Because of your son’s treatment of women, drug use and rampant lying, immediate crisis intervention is needed. Duffy says to get your son to a therapist “to assess the level of care (outpatient therapy, inpatient work, intensive outpatient therapy or day treatment) he needs. So, you need to consider what leverage you have with your son, and be prepared to use it. This may be revoking privileges like curfew or access to WiFi, or your goodwill with him. I know it’s been difficult to get him to see a therapist in the past, and this is tricky for teenagers, especially for boys, many of whom continue to carry the idea that therapy suggests some weakness. So ask him to agree to a limited number of sessions. I usually suggest three. In three hours, a good therapist with experience working with children in his age group should be able to gain buy-in. Talk to the therapist beforehand. Ensure they have experience with your son’s issues, and his resistance to treatment. Then, your job is just to get him in the room.”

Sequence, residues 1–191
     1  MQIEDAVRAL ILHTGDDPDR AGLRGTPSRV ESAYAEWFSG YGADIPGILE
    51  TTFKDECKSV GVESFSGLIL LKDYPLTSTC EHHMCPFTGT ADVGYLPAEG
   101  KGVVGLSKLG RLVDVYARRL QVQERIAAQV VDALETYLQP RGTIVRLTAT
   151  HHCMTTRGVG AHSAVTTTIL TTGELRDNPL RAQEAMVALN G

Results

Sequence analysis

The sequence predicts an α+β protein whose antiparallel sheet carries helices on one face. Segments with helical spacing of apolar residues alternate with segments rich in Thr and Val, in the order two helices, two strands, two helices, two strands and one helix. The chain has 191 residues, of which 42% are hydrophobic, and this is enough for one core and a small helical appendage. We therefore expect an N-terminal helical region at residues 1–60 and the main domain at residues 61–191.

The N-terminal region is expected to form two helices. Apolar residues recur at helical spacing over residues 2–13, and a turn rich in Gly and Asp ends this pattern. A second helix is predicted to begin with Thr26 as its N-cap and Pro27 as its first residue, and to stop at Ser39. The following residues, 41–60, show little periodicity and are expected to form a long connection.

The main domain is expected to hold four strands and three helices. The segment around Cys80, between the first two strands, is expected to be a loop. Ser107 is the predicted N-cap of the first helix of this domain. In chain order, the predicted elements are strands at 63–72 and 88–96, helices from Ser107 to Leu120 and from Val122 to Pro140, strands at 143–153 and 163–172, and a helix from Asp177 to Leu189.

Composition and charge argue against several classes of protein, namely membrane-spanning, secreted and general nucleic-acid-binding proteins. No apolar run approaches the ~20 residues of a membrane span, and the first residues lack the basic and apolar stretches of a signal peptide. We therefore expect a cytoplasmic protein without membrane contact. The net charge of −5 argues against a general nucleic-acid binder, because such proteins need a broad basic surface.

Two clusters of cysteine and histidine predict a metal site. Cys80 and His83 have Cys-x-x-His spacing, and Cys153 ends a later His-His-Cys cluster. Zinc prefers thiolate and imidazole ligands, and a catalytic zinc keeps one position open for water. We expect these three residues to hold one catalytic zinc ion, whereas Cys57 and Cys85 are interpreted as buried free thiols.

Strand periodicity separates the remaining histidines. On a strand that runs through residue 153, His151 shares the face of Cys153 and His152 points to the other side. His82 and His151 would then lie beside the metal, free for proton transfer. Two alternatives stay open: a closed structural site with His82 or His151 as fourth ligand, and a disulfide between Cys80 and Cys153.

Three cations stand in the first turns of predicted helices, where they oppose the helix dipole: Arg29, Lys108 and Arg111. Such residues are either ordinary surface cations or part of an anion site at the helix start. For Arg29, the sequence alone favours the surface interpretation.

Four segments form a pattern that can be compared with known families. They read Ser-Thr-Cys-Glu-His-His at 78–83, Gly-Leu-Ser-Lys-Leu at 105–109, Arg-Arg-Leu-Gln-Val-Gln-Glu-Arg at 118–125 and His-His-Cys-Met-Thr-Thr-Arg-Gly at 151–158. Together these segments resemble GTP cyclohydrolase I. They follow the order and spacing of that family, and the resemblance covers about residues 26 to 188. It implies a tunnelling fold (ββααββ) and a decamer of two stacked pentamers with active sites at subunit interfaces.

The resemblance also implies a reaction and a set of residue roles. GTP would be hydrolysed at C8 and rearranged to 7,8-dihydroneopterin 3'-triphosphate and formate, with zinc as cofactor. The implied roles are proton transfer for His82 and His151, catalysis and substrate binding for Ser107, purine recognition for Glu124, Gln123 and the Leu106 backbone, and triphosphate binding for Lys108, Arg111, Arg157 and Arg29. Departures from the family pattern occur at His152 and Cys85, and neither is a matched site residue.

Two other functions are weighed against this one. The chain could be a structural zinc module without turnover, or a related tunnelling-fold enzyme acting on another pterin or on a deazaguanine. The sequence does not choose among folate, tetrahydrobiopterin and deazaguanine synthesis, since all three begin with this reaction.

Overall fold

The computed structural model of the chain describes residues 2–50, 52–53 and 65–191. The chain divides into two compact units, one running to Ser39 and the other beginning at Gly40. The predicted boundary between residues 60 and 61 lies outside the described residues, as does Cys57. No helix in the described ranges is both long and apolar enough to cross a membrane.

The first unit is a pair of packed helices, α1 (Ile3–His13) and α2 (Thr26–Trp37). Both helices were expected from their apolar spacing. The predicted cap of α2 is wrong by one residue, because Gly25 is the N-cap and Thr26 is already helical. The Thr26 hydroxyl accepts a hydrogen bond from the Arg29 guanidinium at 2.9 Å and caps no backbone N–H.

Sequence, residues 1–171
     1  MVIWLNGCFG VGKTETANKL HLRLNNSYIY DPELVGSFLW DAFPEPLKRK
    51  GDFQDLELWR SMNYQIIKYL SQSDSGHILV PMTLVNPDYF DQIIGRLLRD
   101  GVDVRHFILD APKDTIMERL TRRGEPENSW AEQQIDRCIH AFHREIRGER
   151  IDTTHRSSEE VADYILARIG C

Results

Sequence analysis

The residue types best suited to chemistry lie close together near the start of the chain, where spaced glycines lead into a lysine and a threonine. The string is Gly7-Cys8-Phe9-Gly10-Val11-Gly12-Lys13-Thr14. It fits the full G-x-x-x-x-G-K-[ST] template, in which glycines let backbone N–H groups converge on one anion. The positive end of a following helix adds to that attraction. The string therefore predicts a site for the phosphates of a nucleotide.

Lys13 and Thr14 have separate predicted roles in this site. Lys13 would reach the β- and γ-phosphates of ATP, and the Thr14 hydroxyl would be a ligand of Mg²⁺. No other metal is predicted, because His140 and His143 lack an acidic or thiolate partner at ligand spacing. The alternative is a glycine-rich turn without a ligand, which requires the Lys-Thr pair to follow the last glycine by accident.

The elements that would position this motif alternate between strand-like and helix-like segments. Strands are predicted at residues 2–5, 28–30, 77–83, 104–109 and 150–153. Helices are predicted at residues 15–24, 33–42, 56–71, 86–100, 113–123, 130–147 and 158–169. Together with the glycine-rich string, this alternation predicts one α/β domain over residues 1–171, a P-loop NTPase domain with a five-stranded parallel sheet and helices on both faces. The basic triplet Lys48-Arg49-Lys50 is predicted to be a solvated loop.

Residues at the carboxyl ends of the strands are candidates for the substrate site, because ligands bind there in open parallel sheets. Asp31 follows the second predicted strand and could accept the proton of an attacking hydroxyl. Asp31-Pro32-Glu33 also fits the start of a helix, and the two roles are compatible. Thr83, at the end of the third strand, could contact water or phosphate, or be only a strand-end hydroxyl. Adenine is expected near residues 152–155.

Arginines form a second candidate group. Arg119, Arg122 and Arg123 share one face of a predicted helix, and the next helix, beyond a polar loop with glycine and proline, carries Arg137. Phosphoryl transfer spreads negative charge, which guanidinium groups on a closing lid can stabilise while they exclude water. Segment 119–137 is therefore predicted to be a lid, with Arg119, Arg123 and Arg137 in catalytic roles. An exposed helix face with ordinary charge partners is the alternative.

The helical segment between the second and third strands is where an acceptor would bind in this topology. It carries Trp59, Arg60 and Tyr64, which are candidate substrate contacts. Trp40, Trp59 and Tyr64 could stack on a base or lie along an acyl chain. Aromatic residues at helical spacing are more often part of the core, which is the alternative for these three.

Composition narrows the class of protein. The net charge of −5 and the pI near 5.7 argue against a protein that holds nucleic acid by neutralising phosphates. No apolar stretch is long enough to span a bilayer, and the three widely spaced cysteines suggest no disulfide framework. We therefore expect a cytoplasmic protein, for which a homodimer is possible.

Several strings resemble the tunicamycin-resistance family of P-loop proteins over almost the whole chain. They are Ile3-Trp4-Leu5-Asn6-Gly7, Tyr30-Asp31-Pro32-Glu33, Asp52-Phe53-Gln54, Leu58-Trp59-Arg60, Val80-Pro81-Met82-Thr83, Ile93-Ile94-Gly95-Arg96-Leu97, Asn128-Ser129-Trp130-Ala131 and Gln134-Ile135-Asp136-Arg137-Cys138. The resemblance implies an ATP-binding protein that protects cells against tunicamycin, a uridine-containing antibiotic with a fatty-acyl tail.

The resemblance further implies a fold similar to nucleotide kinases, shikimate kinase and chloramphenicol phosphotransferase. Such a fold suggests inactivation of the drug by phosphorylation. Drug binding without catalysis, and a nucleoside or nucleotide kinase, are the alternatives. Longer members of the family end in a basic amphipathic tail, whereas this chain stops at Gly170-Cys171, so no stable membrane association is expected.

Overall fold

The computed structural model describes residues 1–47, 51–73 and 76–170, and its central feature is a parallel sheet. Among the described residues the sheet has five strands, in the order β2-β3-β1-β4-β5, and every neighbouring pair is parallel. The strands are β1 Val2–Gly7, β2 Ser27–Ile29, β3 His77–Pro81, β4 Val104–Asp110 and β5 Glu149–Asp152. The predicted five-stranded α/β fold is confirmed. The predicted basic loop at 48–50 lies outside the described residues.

I would look at it like this: He is headed down a path of possible violence, jail time or death, and so make it a priority to get him to a (preferably male) therapist who can see him as a young man in pain.

You also should get family counseling. Whatever has led your son to this level of anger needs to be addressed within the entire family, and the support he needs will also need everyone’s cooperation, compassion and attention.

Please do not wait to help your son. He is only 14, and he has the potential to live a happier and more stable life. Get the support you need, stat. Good luck.